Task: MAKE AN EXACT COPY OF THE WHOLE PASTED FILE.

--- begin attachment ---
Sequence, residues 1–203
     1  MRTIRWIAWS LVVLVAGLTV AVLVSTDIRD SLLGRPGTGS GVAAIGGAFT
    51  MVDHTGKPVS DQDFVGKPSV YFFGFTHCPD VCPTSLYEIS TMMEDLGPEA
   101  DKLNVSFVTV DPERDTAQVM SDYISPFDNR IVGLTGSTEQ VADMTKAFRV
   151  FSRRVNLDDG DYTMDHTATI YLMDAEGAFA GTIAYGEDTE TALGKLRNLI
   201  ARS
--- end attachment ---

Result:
Sequence, residues 1–203
     1  MRTIRWIAWS LVVLVAGLTV AVLVSTDIRD SLLGRPGTGS GVAAIGGAFT
    51  MVDHTGKPVS DQDFVGKPSV YFFGFTHCPD VCPTSLYEIS TMMEDLGPEA
   101  DKLNVSFVTV DPERDTAQVM SDYISPFDNR IVGLTGSTEQ VADMTKAFRV
   151  FSRRVNLDDG DYTMDHTATI YLMDAEGAFA GTIAYGEDTE TALGKLRNLI
   201  ARS